Applications for Review versus Applications to Vary in BC

Life changes. Sometimes those changes necessitate legal changes. To family lawyers, certain life changes pose a challenging procedural issue, namely, whether to bring an application to vary or review. The Supreme Court of BC recently helped clarify the choice in Cotter v. Cotter, 2015 BCSC 1730.

In Cotter, father was terminated from his employment shortly before trial, resulting in orders that mother pay non-compensatory spousal support and child support to father. Trial occurred in April 2015 and a spousal support review date of July 1, 2015 was fixed.

Father’s Employment Insurance had run out. He had no new employment by the review date and consequently asked mother for increased child and spousal support. Mother declined and alleged he was voluntarily unemployed.

Father made two applications to Supreme Court, which were unsuccessful, and appealed to the Court of Appeal, which was also unsuccessful. Undeterred, father returned to the Supreme Court with the present application.

Mr. Justice Greyell articulated the issues as follows:

  1. Is this an application to vary or review?
  2. If to vary, is there a material change in circumstances?
  3. If for review, should there be a hearing de novo?

Family lawyers must be aware that applications to vary and for review are fundamentally different.

Variation is governed by Divorce Act s. 17 which, essentially, requires a material change in condition, means, needs, or other circumstances since the last order was made. Section 167 of the Family Law Act is generally consistent with section 17.

The Supreme Court of Canada gave some guidance on the material change of circumstances test in Willick v. Willick, [1994] 3 S.C.R. 670, stating:

[a material change is] a change that, if known at the time, would likely have resulted in different terms… if the matter which is relied on as constituting a change was known at the relevant time it cannot be relied on as the basis for variation.

Mr. Justice Greyell cited L.M.P. v. L.S., 2011 SCC 64 for the propositions that the analysis must focus on the prior order and the circumstances in which it was made, and the material change must generally have some degree of continuity and not merely be a temporary set of circumstances.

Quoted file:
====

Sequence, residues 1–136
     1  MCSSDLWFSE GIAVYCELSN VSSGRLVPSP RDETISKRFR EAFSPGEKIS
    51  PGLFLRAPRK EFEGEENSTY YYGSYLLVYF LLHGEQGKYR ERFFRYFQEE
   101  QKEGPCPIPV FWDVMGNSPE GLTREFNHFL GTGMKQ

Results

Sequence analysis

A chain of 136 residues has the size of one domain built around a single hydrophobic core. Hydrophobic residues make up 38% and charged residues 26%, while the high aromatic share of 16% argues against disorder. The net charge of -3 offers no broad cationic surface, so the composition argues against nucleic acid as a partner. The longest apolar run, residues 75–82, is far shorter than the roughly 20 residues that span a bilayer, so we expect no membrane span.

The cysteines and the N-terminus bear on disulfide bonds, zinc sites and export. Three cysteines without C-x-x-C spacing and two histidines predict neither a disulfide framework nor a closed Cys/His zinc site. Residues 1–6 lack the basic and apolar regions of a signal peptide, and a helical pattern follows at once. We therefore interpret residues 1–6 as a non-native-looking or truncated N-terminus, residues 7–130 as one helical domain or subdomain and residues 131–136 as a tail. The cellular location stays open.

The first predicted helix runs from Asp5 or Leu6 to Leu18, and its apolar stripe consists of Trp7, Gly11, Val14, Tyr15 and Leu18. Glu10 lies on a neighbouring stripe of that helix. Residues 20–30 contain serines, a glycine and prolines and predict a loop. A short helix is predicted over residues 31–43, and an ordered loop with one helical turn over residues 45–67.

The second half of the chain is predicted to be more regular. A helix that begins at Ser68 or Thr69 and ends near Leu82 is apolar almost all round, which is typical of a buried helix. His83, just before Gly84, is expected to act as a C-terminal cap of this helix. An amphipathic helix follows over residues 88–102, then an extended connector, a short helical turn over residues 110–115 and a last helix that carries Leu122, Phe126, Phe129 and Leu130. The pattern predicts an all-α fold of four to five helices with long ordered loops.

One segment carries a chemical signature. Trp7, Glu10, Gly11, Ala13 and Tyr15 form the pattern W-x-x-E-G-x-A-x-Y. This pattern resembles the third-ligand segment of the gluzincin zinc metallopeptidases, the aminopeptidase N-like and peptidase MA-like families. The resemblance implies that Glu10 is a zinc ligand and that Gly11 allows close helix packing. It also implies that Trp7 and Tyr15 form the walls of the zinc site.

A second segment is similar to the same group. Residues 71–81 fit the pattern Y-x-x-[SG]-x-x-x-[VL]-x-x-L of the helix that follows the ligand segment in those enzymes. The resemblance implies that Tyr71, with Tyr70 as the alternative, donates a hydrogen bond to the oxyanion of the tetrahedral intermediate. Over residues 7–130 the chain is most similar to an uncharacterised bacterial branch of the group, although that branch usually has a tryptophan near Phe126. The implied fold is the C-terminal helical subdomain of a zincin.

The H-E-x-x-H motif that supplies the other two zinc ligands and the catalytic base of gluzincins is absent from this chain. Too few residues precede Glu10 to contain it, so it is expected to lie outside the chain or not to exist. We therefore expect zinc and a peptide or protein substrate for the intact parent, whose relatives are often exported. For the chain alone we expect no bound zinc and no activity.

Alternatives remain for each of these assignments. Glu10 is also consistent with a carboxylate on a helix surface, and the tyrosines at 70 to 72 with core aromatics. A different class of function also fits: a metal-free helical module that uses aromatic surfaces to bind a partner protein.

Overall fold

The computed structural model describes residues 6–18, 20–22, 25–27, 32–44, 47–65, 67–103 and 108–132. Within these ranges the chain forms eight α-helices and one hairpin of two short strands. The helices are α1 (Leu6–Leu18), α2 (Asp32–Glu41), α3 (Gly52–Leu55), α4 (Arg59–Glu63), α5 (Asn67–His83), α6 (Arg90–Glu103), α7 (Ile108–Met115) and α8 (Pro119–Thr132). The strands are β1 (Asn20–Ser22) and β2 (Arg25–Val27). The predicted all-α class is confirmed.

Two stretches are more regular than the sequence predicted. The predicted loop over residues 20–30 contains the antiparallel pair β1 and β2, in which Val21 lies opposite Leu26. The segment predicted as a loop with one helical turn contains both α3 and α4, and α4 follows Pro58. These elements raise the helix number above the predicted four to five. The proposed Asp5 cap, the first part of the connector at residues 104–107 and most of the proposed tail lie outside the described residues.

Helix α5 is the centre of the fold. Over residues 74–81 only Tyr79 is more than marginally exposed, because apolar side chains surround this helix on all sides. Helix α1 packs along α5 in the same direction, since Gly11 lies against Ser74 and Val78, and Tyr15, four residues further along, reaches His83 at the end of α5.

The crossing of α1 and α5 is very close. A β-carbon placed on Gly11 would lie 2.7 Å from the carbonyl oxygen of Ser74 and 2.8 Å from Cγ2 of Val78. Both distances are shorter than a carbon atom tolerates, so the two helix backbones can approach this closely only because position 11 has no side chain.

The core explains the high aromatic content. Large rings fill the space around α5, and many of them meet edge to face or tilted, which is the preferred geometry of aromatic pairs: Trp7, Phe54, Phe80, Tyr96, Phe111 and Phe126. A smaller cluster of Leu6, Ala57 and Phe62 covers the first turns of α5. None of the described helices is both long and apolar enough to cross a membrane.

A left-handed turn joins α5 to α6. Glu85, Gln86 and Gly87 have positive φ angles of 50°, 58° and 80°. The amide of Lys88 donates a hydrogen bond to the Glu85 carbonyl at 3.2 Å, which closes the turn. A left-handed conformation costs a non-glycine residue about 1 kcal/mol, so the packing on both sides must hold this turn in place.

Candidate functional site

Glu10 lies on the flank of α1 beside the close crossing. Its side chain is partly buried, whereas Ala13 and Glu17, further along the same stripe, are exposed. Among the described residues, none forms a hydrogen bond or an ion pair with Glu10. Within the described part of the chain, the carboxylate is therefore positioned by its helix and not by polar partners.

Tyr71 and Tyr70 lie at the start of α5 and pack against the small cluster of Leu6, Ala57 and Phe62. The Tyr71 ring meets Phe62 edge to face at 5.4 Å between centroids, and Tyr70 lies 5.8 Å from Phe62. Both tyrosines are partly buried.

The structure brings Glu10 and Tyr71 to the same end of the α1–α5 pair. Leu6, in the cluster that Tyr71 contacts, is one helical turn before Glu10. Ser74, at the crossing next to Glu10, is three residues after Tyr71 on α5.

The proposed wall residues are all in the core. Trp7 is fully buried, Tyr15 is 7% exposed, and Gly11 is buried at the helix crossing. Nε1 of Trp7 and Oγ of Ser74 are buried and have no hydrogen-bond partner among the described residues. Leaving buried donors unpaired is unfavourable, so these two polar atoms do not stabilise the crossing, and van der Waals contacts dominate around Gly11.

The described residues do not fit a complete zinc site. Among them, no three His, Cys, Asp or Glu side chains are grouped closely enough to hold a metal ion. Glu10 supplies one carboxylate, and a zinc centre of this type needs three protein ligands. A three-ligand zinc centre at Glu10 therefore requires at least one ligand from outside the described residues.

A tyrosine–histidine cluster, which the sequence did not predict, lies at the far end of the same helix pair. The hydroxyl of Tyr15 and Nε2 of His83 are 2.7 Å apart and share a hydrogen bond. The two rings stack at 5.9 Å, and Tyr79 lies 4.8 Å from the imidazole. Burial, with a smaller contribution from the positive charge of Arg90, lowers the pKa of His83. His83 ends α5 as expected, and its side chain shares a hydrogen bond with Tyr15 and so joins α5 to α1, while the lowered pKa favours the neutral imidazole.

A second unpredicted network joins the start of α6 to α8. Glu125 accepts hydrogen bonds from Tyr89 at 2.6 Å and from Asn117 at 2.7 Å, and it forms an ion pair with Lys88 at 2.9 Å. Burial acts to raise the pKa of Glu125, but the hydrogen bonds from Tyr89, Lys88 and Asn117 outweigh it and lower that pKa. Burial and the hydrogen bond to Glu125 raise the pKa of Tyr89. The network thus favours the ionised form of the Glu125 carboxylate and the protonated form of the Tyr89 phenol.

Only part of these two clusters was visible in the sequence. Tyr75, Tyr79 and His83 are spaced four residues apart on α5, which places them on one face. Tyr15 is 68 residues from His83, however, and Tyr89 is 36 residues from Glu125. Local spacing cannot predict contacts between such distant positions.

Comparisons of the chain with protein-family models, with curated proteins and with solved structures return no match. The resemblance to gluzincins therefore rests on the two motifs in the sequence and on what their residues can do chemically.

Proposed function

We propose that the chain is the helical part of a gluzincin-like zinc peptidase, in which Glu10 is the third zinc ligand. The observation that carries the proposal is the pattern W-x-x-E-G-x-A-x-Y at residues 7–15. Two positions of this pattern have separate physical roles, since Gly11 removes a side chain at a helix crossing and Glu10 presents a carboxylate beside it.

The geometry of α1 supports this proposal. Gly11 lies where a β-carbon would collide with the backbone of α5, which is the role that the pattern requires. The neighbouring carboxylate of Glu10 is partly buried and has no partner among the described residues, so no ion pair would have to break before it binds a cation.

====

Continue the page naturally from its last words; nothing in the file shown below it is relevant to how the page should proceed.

He also cited the recent Court of Appeal decision of Dedes v. Dedes, 2015 BCCA 194:

the test for material change is based not on what one party knew or reasonably foresaw, but rather on what the parties actually contemplated at the time the order was entered by agreement. A function of the material change threshold is to prevent parties from re-litigating issues that were already considered and rejected; in such cases, an application to vary would amount to an appeal of the original order…

Applications for review are governed by sections 168 of the FLA and 15.2(3) of the Divorce Act, both of which allow or require the parties to return to court for review. These orders are called review orders, and the Supreme Court of Canada welcomed such orders in Leskun v. Leskun, 2006 SCC 25. Review orders should be used where there is a genuine and material uncertainty at the time of the original trial regarding the spouses’ financial situation in the near future.

The Court of Appeal added, in Morck v. Morck, 2013 BCCA 186, that the applicant need not establish a material change of circumstances on an application to review because it is a hearing de novo. This principle is embedded in section 168(3) of the FLA.

With respect to drafting a review clause, it should be as precise as possible regarding what is subject to review, according to Jordan v. Jordan, 2011 BCCA, 518. Of course, it is far less costly and time consuming to institute a review date in the first instance.

In the end, Mr. Justice Greyell determined that father had, in substance, applied for review. He was self-represented. The trial judge ordered review after 15 months. The Supreme Court Family Rules promote a just, speedy, and inexpensive process. These factors engendered Mr. Justice Greyall’s conclusion. Father’s income was imputed and mother was awarded her costs.

Cotter is an important decision because it shows us how to determine whether to bring an application to vary or application for review, and how to approach those applications.

Jeffrey L. Hartman

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